Monday, 26 August 2013

Blu-Ray Review: Beware Of Mr Baker

Think of all the best drummers you've ever heard in any musical genre, and the name of Ginger Baker would be very high on the list. Jay Bulger's remarkable Beware Of Mr Baker gives us a revealing documentary that really does lift the lid on the life and times of a musical genius.

Born on the 19th August 1939, Baker's formative years were scarred when his father died when Ginger was just 5. Years later, one of Ginger's classmates suggested he start to play the drums and a career full of highs and lows had begun. It's often recorded that seeing a particular film or listening to a certain recording was enough to launch a career and for Baker, it turned out to be a Charlie Parker LP that compelled him to set out on a long musical road containing twists, turns and dead ends.Bulger's documentary charts the choppy waters of Baker's life and career, using interviews, concert footage and home movies to provide riveting viewing for 90 odd (sometimes very odd) minutes. Here, the likes of Eric Clapton, Jack Bruce, Charlie Watts, Carmine Appice, Carlos Santana, Neil Peart and John Lydon are just a few of the artists to record their respect and appreciation of his talents, and there are also reflections on his darker side from friends, colleagues and family.

On the surface, Bulger's interviews with Ginger reveal a cantankerous old git, prone to acts of violence and who prefers animals to people ('They never let you down'), but when he was playing, Ginger really was at peace with the world. Thanks to some remarkable concert footage of Cream, Blind Faith, Ginger Baker's Airforce and Baker Gurvitz Army, we can not only hear but see what a great talent he possesses, and eventually we can understand why his projects began like a firework and fizzled out to ashes of some great performances. So, what made Baker such a wonderful drummer? Natural time ('You either had it or you didn't'); the jazz music that was his roots and a genre he would return to again and again and influential drummers that inspired him to cultivate a style that enabled him to land all 4 beats in a different place. Ginger also holds forth on his deep love and admiration for African music - including his time spent there - and has some rather controversial comments concerning Keith Moon and John Bonham. In 50 years from now, Ginger Baker will still be remembered for being a major part of some terrific music, and maybe the dark side of his nature will still be discussed, too. When his son declares that Ginger should have been alone and never had a family, one begins to understand the upset he caused, but there is a tender side to the man: witness the scene where Ginger cries as he declares he's met the four main influences on his career, and considers them to be friends. It's a moving moment and ultimately confirms that for Ginger, it was only ever about the drums.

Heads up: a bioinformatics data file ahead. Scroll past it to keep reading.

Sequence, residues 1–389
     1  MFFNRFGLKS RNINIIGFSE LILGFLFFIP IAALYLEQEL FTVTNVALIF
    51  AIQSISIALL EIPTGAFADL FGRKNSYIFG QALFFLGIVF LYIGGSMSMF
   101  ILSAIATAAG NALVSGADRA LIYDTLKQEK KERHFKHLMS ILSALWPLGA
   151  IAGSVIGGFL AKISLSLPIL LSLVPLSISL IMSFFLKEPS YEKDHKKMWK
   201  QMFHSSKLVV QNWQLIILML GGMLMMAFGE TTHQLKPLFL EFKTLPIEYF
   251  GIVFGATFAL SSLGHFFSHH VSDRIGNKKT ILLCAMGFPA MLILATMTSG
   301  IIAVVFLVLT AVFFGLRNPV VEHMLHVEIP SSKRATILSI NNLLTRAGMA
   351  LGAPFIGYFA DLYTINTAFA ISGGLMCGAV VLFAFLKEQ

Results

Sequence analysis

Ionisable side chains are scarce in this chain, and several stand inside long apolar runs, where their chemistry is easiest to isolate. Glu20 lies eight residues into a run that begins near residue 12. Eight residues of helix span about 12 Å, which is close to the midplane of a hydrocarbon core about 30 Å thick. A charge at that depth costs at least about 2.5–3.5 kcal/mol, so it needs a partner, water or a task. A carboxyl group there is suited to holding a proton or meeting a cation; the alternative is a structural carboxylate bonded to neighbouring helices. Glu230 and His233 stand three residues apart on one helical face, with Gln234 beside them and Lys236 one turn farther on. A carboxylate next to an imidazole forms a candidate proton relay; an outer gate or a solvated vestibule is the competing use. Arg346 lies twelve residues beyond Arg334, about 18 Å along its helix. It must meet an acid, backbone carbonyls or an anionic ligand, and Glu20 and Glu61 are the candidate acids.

Curzon Film Worlds Blu-ray features the interviews in HD, with concert footage taken from a variety of sources. The HD quality is fine, and the soundtrack is Dolby Digital 5.1 and Dolby 2.0 surround. Unfortunately, there are no extras on the disc, but this a pleasing presentation for fans of the man and his music.

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